This coming Monday would have been my husband's 36th birthday. Instead, it will be the second that I had to mark without him. All week I've felt the weight of my grief with such intensity. The disbelief that he's gone. The whys, the if onlys and the its not fairs.
He died in July 2013 and after getting through a full round of all the first milestones, I had pretty much assumed that I'd put the most difficult steps behind me. However, since then, I've faced the shocking realisation that this is certainly not guaranteed. Because how is it possible to rate degrees of difficulty in days-without-your-husband when it comes to being a widow? Some are easier than others, of course, but there's no logic or rational scale.
So there I was, thinking that I after getting through his first post-death birthday I would know what to do with myself this year.
Nope. I'm totally at a loss.
Last year, his birthday was the first of the key milestones (other than Christmas and the day he proposed). His birthday was the first Big One. We were seven months in and still in a great deal of shock. However, with the help of a couple of his friends, I was able to come up with a plan.
I organised a barbecue for family and friends, followed by a fund-raising lawn bowls afternoon at a beautiful venue in his home town of Sydney. More than 50 of us gathered on this very difficult day and raised more than $1000 for a charity that raises awareness and supports people with depression, Beyond Blue.
It was a difficult day, it was very sad, but if felt like the exact thing Dan would have wanted us to do. To come together, have a few beers, a laugh (and a cry) and support each other. We we placed a framed photo of him on a table and his favourite football team were even playing on the television t the bowls club. It was the perfect way to celebrate a man who was loved by so many.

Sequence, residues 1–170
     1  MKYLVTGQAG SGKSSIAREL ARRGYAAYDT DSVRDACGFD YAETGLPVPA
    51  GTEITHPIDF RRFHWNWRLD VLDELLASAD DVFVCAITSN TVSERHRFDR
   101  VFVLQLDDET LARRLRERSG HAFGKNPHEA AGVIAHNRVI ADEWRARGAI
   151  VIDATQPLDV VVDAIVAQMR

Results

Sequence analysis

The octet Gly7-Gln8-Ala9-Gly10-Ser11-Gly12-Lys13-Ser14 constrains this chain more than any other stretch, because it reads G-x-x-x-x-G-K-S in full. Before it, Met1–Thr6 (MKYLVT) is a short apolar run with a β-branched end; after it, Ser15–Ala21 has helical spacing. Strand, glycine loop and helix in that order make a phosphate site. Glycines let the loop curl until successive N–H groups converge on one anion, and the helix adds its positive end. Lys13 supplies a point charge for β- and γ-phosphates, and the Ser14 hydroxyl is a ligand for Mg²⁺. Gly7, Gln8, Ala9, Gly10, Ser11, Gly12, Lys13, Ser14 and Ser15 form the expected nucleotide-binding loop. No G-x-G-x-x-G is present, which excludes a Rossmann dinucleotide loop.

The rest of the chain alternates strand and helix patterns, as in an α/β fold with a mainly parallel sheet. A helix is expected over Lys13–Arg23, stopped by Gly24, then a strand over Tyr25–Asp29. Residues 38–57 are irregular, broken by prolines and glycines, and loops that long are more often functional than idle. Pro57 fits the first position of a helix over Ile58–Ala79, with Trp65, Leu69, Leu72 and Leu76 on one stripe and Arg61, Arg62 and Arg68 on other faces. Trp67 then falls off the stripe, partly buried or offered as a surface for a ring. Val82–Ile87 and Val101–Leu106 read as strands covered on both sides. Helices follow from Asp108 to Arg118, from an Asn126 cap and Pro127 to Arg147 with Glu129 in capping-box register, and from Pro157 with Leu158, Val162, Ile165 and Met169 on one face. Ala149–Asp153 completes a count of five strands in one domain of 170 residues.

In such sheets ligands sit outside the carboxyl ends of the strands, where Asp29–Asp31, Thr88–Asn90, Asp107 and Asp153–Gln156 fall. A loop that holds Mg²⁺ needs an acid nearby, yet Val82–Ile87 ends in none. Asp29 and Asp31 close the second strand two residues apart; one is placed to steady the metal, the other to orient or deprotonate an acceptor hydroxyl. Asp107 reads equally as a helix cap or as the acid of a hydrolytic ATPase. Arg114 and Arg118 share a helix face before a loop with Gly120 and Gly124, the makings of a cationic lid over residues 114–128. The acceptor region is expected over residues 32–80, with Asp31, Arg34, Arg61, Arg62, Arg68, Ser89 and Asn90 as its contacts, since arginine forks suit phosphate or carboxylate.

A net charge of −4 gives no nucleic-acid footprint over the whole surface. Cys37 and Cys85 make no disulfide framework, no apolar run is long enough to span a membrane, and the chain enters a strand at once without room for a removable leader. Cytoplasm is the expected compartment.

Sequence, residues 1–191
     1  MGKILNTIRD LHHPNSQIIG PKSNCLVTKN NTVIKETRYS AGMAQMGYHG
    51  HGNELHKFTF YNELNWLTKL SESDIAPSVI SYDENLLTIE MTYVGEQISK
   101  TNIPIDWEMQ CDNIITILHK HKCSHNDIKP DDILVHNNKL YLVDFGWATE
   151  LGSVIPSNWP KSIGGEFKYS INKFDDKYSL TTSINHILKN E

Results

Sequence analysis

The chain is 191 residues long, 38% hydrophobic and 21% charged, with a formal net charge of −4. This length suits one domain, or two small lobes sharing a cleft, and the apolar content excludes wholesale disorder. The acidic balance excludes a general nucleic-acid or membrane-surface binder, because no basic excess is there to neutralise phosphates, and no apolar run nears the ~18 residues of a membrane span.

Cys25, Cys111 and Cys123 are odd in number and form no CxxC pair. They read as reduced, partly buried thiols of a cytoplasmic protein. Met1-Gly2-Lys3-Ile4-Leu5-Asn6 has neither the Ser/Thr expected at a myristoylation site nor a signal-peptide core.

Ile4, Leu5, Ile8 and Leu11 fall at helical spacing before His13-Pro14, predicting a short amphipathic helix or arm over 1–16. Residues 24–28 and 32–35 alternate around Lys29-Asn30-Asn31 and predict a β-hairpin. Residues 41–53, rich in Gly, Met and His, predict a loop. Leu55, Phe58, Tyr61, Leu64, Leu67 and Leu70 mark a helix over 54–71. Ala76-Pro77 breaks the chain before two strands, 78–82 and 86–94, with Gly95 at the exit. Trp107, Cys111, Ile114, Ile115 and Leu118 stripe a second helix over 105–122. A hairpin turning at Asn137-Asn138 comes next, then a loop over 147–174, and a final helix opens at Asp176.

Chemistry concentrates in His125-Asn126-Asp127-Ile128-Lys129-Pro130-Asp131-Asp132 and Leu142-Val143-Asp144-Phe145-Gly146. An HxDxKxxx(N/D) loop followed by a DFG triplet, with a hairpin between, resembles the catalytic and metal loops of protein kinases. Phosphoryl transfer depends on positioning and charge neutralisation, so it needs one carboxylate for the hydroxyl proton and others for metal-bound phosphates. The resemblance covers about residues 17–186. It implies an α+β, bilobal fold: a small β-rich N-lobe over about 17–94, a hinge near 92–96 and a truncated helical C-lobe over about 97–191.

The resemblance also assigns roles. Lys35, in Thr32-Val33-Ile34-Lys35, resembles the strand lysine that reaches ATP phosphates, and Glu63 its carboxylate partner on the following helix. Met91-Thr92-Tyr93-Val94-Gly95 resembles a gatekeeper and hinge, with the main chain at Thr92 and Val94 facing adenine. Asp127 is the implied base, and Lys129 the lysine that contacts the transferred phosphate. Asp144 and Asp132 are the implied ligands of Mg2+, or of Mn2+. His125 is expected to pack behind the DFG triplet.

There was talk about holding an annual event, but this year his birthday fell on a week day, people have been busy with holidays, babies and weddings. I know it may not be the case but it felt to me that life has seemed to have moved on for a lot of his friends, even though I know they think of him often and miss him always. If I had of tried to drum up some enthusiasm for a get-together I know they would have rallied, but I didn't have the energy myself.
So I'll be in our home, in Brisbane, alone and away from his family and friends. I have at least had the foresight to arrange for the day off work, but beyond that, I was totally stumped at how to mark the day.
Nothing felt grand enough, suitable enough, solemn enough and happy enough. This was the day that the world welcomed a very special person. Even though he's no longer here, it's a day that should be celebrated. Shouldn't it? This was my problem - I didn't know whether to give in to my sadness or focus on how wonderful this day was. Nothing felt right.
After struggling all week with what to do with myself, I finally came up with some semblance of a plan. I will have a quiet morning at home, visit his grave, meet my sister for lunch at a restaurant that he loved and then take myself off for a relaxing and indulgent massage at my favourite day spa in the afternoon.
A little bit of happy and a little bit of sad. And nothing that can't be cancelled at the last minute if it all goes to shit and I just need to hide under the blankets in bed for the day. Because as I'm sure we all know, sometimes, regardless of the best laid plans - grief doesn't care about our agenda. It roars on in and then seeps quietly away on its own schedule.